German Merck to buy St. Louis-based Sigma-Aldrich
FRANKFURT, Germany (AP) — German drug company Merck says it has agreed to buy St. Louis-based chemical firm Sigma-Aldrich Corp. for $17 billion in a deal Merck says will strengthen its business in chemicals and laboratory equipment.
Darmstadt-based Merck KGaA said Monday it is paying $140 per share in cash for all of Sigma-Aldrich’s shares — a premium of 37 percent over Friday’s closing price of $102.37.
Sigma-Aldrich has over 9,000 employees in 40 countries and supplies chemicals and laboratory equipment to government and commercial facilities. It said its board of directors has unanimously approved the deal, which is expected to close next year, subject to regulators’ approval.
Merck CEO Karl-Ludwig Kley said the company had a “clear commitment” to St. Louis as a business location, given Sigma-Aldrich’s decades-long presence there and the company’s role as a leader in civic society — a role Kley said would continue. He said it was too early in the integration process to answer a question about possible job losses at any of the company’s facilities.
Sigma-Aldrich CEO Rakesh Sachdev said the deal was a “very positive outcome” for shareholders due to the price premium and for employees, “who will benefit from enhanced opportunities as part of a larger, more global organization.”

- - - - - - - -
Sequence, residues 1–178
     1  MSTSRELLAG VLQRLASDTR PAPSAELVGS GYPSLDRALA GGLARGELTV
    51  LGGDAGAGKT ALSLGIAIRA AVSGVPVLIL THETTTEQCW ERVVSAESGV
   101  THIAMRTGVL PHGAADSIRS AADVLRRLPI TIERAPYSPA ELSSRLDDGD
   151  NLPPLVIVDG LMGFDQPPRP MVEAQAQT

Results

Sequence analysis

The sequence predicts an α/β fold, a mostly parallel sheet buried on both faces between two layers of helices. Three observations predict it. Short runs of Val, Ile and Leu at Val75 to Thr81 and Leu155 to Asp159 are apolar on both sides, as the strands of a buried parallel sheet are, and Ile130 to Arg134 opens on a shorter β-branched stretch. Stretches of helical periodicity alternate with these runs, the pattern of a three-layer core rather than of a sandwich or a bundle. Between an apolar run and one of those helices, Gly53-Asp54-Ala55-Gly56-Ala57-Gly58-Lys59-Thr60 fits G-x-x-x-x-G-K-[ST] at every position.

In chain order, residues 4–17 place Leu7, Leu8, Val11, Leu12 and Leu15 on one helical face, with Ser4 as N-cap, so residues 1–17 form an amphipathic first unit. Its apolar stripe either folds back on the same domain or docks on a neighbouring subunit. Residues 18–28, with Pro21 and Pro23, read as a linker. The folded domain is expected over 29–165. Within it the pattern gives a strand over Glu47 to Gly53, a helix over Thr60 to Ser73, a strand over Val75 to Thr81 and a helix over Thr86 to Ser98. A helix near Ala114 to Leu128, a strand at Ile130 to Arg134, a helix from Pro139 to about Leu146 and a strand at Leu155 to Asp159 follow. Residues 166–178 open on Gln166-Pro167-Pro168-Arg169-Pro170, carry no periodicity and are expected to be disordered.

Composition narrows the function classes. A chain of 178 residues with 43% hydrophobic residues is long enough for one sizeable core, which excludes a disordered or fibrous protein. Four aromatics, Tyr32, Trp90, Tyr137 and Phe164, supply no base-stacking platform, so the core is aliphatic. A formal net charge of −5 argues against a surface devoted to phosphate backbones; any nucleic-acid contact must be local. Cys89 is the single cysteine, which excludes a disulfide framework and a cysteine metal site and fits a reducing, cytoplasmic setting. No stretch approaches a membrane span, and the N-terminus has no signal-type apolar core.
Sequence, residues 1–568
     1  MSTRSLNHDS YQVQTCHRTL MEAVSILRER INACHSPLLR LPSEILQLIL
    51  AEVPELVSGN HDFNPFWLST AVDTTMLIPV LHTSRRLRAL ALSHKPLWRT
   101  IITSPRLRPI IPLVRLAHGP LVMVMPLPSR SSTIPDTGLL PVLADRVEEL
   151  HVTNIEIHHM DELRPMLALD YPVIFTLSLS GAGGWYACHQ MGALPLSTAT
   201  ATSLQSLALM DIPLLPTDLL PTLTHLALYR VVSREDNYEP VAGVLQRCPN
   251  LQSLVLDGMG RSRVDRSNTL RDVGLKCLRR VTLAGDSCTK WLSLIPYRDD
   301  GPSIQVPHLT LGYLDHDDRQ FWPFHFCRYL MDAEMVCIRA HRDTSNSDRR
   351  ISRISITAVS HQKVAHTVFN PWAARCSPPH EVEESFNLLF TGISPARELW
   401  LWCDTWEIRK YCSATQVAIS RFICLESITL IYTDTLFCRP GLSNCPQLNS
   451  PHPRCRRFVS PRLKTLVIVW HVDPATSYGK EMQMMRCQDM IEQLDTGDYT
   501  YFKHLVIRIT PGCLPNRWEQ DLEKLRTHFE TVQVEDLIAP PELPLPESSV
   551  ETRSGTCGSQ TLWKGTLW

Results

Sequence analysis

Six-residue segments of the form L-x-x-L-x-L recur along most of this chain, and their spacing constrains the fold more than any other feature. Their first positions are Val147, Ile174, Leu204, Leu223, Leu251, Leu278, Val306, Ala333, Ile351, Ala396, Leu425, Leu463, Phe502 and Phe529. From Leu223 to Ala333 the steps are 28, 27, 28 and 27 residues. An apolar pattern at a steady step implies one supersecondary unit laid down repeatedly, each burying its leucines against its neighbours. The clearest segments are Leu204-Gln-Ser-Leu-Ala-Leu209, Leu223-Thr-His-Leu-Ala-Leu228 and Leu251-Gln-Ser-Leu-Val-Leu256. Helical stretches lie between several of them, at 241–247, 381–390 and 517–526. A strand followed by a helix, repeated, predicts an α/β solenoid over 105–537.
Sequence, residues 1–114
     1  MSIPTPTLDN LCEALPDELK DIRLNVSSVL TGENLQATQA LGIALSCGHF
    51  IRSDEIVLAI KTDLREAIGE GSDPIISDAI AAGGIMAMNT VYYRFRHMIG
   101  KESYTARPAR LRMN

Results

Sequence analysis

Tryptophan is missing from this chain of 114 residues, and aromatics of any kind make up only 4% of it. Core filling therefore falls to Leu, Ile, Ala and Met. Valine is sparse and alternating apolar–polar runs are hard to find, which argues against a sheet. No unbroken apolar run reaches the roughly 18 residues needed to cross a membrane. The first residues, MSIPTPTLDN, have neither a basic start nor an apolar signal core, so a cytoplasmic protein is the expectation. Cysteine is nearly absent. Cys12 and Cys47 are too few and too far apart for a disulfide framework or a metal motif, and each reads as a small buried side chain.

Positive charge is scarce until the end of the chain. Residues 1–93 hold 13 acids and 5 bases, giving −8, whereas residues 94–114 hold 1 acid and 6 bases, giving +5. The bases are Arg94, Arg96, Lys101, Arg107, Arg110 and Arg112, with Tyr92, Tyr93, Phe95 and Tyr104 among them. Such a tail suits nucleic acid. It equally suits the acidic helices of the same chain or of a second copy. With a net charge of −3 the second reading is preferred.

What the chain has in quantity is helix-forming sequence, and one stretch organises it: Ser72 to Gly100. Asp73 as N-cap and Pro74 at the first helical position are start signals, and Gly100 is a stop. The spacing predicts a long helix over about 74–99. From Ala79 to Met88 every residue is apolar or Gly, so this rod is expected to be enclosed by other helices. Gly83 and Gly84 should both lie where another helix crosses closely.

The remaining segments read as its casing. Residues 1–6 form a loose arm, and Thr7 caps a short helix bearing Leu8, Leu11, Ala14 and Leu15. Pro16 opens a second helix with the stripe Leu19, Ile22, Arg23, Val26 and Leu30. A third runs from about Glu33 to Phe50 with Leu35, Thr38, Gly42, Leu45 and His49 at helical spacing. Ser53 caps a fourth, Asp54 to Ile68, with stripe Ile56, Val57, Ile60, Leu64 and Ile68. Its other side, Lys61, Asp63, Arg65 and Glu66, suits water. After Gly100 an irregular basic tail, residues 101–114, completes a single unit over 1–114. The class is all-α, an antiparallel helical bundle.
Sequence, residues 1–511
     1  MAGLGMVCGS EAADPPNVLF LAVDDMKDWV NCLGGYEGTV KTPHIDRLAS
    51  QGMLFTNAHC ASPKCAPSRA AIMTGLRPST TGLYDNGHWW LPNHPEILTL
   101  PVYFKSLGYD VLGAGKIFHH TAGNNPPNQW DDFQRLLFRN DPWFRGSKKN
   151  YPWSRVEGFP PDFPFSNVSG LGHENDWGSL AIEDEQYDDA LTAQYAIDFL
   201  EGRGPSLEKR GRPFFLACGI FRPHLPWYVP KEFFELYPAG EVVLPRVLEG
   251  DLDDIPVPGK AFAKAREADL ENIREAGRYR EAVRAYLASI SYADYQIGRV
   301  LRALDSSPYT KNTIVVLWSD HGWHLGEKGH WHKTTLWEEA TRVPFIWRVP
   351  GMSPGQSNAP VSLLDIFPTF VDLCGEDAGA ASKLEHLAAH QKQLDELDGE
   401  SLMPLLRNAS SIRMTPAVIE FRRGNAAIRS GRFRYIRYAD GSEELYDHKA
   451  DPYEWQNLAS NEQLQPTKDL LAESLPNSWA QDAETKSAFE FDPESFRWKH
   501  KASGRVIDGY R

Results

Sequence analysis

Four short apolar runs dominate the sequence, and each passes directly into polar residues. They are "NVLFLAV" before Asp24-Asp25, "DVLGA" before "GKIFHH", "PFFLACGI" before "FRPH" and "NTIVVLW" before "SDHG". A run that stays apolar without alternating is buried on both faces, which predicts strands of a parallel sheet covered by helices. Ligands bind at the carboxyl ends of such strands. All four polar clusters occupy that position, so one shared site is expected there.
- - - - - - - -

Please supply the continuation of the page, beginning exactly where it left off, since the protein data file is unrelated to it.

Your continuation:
Merck said it would expand the reach of its EMD Millipore chemical and equipment division, based in Billerica, Massachusetts. “In one of the world’s key industries two companies that fit perfectly together have found each other to present a much broader product offering to our global customers” in research facilities and drug manufacturing, Kley said.
On a conference call with reporters, Kley praised Sigma-Aldrich’s “world-champion” e-commerce platform through which some 70 percent of its products are sold. He said the acquisition was a chance to expand the company’s operations in the life sciences sector, where product margins are around 25 percent measured according to earnings before financial items such as interest, taxes, depreciation and amortization, or EBITDA
Merck said the combination would enable it to save 260 million euros ($340 million dollars) a year in costs within three years after closing the deal, raising the combined business’ EBITDA margins from 30 percent to 33 percent. Chief Financial Officer Marcus Kuhnert said the savings would come in part from combining manufacturing capacity and streamlining administration. The company said, however, that it would maintain a “significant presence” in both Billerica and St. Louis.
Merck shares shot up on the announcement, at one point trading more than 9 percent higher but easing to trade up 5.7 percent at 73.52 euros by mid-afternoon in Europe.
The company said it already had financing for the deal and would pay using a combination of cash, bank loans and bonds.
Merck KGaA is not affiliated with U.S. drug maker Merck & Co.